Time for the February installment of our monthly series in which we post a recipe from The Virginia House-wife, a recipe book published in 1824 by Mary Randolph, kinswoman to Thomas Jefferson. Leni Sorensen, our African American Research Historian and a culinary historian of national repute, has once again made this month's dish and here we include her notes and pictures.
CAULIFLOWER February 2011
The original recipe from Mary Randolph:
Choose those that are close and white, and of a middle size, trim off the outside leaves, cut off the stalk flat at the bottom, let them lie in salt and water an hour before you boil them. Put them in boiling water with a handful of salt in it, skim it well, and let it boil slowly till done, which a small one will be in fifteen minutes, a large one in twenty, and take it up the moment it is enough; a few minutes longer boiling will spoil it. (Mary Randolph, The Virginia House-Wife, 1824, pg. 123)
This is a recipe that makes clear that for the most part good cooks of the late 18th and early 19th centuries did not cook vegetables to death as seems to have become the style later in the 19th century.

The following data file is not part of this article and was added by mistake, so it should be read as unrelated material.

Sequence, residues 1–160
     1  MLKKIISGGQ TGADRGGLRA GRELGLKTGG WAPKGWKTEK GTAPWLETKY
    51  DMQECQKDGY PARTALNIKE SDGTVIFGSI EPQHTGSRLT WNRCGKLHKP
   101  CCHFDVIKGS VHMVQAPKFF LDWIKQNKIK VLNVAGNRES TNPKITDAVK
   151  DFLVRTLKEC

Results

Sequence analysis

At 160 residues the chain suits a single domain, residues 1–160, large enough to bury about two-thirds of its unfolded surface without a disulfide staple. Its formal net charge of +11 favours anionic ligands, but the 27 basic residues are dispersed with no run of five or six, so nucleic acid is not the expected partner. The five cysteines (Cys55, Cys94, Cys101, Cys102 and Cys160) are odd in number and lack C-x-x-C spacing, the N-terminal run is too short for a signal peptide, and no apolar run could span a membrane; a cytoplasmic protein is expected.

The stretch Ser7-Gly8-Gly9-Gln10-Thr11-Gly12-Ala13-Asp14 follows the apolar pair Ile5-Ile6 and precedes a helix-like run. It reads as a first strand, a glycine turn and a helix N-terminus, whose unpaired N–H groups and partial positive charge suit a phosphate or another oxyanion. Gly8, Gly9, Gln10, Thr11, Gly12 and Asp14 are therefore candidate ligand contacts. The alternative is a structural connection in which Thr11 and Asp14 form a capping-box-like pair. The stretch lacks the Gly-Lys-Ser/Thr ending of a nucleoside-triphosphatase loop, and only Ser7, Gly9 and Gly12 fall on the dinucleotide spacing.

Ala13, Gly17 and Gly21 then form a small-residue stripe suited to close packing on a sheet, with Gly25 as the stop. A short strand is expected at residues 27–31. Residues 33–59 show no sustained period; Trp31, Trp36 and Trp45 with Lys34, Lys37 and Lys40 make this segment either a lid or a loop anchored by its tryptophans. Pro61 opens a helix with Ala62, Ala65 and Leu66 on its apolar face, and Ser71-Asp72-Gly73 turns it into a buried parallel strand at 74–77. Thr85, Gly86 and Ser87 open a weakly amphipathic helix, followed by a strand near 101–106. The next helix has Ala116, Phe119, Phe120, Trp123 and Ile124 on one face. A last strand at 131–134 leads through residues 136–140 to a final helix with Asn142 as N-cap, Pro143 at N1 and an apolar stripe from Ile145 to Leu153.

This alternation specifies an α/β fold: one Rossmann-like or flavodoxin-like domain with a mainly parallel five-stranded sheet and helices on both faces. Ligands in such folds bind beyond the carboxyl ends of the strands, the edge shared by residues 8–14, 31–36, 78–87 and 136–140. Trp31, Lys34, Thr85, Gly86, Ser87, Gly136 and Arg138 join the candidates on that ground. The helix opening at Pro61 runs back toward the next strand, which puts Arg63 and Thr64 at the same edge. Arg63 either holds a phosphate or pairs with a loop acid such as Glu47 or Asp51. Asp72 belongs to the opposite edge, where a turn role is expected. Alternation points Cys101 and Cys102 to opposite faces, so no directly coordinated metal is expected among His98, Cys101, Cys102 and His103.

Randolph requires a soaking in salt water for the whole cauliflowers as she is going to serve the heads whole. She wanted to be very sure there were no cabbage worms lurking in the creases of the florets. Even today that is a good idea especially for homegrown cauliflower (and broccoli too).
When it is ‘enough’ as she so simply phrases it the whole cauliflower is drained well in a colander being careful to keep the whole head together and served hot. She does not list seasonings but I suggest the following possibilities:
Butter (or a drizzle of good olive oil) with a generous grinding of black pepper